« What happens when materials take tiny hits? | Home | Avocado Hugger »

December 7, 2018

Oldest known realistic depiction of a human face


Pictured above and below, the Venus of Brassempouy.

From Atlas Obscura:



This beautiful and haunting sculpture of a woman's head was carved from mammoth ivory during the Ice Age.

At over 25,000 years old, the figurine is the oldest known realistic depiction of a human face.

The Venus of Brassempouy (also called the Lady of Brassempouy or "La Dame de Brassempouy") was carved from a fragment of mammoth tusk and is estimated to have been made during the Upper Paleolithic period.

It was interpreted as a woman based on the feminine shape of the chin and apparent hair or headdress.


Nothing is known about the creator, and the meaning of this effigy remains a beguiling mystery lost in the eons of time that have passed.

Indeed, the only thing that can be inferred is what the landscape in which her creator lived and died would have looked like.

The European continent was in the grip of the last glacial period of the Ice Age at the time, and thus the landscape would have been covered in sheets of ice for as far as the eye could see.

The climate would have been brutally cold for the sparse human populations which clung on to survival in the refuge of caves, swaddled in the fur skins of animals and huddled around campfires to keep warm.

But not even in the caves were people truly safe, and they would have had to contend and compete with large and ferocious predatory species such as the cave bear, cave hyena, and cave lion, which would have looked on humans as easy prey.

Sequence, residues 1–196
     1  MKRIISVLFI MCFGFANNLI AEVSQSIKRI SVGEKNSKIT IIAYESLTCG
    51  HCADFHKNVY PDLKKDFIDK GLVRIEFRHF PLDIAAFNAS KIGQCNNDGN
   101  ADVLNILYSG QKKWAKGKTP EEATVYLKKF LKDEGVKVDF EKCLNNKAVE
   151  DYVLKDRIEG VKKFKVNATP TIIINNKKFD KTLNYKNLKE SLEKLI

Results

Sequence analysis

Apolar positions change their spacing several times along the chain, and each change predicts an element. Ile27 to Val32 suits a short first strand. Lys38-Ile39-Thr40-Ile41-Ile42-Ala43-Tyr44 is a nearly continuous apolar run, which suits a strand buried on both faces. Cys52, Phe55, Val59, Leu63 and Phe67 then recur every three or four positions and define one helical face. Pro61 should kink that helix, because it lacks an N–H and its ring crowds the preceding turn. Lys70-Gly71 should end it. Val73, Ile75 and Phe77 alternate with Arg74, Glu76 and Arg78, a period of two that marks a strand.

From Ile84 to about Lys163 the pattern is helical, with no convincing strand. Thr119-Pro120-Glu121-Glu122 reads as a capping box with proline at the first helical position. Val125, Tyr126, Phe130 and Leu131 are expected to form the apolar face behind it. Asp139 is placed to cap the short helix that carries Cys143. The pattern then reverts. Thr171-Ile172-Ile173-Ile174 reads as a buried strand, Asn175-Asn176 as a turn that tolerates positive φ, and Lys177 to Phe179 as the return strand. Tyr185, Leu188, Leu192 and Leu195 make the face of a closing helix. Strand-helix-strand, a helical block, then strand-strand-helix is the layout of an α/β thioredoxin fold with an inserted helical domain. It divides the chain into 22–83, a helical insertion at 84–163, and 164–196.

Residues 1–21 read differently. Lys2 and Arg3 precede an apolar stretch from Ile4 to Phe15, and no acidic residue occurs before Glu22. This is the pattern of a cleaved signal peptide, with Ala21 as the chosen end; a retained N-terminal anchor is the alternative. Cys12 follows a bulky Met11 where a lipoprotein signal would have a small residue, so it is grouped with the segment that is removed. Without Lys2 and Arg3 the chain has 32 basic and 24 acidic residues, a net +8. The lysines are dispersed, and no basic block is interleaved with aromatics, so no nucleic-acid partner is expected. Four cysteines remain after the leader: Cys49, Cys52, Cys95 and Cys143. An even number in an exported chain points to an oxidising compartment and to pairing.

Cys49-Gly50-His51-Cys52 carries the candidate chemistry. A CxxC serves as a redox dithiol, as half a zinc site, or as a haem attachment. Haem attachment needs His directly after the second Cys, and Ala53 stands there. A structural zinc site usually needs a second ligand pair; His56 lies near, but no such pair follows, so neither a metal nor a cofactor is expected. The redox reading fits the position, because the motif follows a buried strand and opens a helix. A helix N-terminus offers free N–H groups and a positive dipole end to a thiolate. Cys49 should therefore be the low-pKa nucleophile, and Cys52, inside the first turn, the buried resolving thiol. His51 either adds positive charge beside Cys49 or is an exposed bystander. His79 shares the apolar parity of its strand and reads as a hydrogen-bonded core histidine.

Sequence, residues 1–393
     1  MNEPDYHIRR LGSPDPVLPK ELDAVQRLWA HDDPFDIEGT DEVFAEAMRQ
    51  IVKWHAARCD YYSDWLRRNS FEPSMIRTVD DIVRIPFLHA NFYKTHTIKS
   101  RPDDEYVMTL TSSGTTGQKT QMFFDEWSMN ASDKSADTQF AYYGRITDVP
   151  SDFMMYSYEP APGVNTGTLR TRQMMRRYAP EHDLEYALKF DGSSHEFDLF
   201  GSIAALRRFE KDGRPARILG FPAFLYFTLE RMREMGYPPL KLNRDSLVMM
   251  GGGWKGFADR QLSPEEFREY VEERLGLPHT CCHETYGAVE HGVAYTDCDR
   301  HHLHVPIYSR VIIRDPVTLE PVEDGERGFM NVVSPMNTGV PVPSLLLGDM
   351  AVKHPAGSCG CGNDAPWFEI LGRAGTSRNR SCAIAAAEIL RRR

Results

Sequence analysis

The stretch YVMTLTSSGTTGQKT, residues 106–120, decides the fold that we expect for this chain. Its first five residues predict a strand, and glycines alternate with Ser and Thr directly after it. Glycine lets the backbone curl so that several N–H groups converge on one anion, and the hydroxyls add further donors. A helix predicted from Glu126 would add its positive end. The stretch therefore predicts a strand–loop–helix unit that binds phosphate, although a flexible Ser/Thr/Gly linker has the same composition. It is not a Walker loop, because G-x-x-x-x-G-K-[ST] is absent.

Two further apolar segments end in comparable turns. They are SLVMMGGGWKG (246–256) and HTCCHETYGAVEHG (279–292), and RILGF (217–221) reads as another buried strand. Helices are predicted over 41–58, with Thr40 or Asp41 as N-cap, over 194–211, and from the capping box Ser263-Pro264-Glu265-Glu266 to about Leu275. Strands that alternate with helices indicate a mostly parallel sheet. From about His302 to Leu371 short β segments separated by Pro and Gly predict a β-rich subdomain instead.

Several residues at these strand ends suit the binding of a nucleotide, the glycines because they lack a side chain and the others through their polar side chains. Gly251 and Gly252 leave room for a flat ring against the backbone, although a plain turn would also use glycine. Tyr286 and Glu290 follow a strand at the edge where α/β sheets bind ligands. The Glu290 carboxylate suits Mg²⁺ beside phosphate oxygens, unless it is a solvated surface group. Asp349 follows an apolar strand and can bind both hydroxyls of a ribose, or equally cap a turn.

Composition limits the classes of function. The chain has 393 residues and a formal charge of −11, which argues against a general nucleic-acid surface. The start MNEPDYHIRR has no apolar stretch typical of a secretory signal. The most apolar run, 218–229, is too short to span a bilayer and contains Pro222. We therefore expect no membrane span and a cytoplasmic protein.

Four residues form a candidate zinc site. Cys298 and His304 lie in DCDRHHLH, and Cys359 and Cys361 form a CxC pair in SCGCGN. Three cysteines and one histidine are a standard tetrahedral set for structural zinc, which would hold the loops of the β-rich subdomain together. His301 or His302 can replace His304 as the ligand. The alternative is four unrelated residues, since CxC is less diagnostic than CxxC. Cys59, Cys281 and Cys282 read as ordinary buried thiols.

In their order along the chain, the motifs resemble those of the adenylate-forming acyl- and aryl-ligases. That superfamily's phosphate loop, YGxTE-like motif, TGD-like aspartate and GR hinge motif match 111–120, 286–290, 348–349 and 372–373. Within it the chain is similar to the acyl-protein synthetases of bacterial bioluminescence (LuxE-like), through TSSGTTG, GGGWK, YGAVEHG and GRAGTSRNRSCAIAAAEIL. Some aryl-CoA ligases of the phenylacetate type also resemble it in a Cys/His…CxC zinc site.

Meanwhile, the search for food likely meant hunting formidable beasts capable of causing fatal injuries, such as the woolly mammoth, wooly rhinoceros, bison, or the equally dangerous strategy of scaring off cave lions or wolves from their kills to scavenge on leftovers.

It's a wonder such a beautiful figurine was sculpted amid these living conditions, and all the more remarkable that it's been preserved over the millennia.

The figurine was discovered in a cave known as la Grotte du Pape in the village of Brassempouy in 1894.

It is now housed at the Musée des Antiquités Nationales (National Archaeological Museum) in Saint-Germain-en-Laye, just outside of Paris.

December 7, 2018 at 02:01 PM | Permalink


Wow, that is cool to see! Thanks for sharing. A lot of beauty in that simple figurine.

Posted by: Susan Ishida | Dec 7, 2018 3:34:04 PM

The comments to this entry are closed.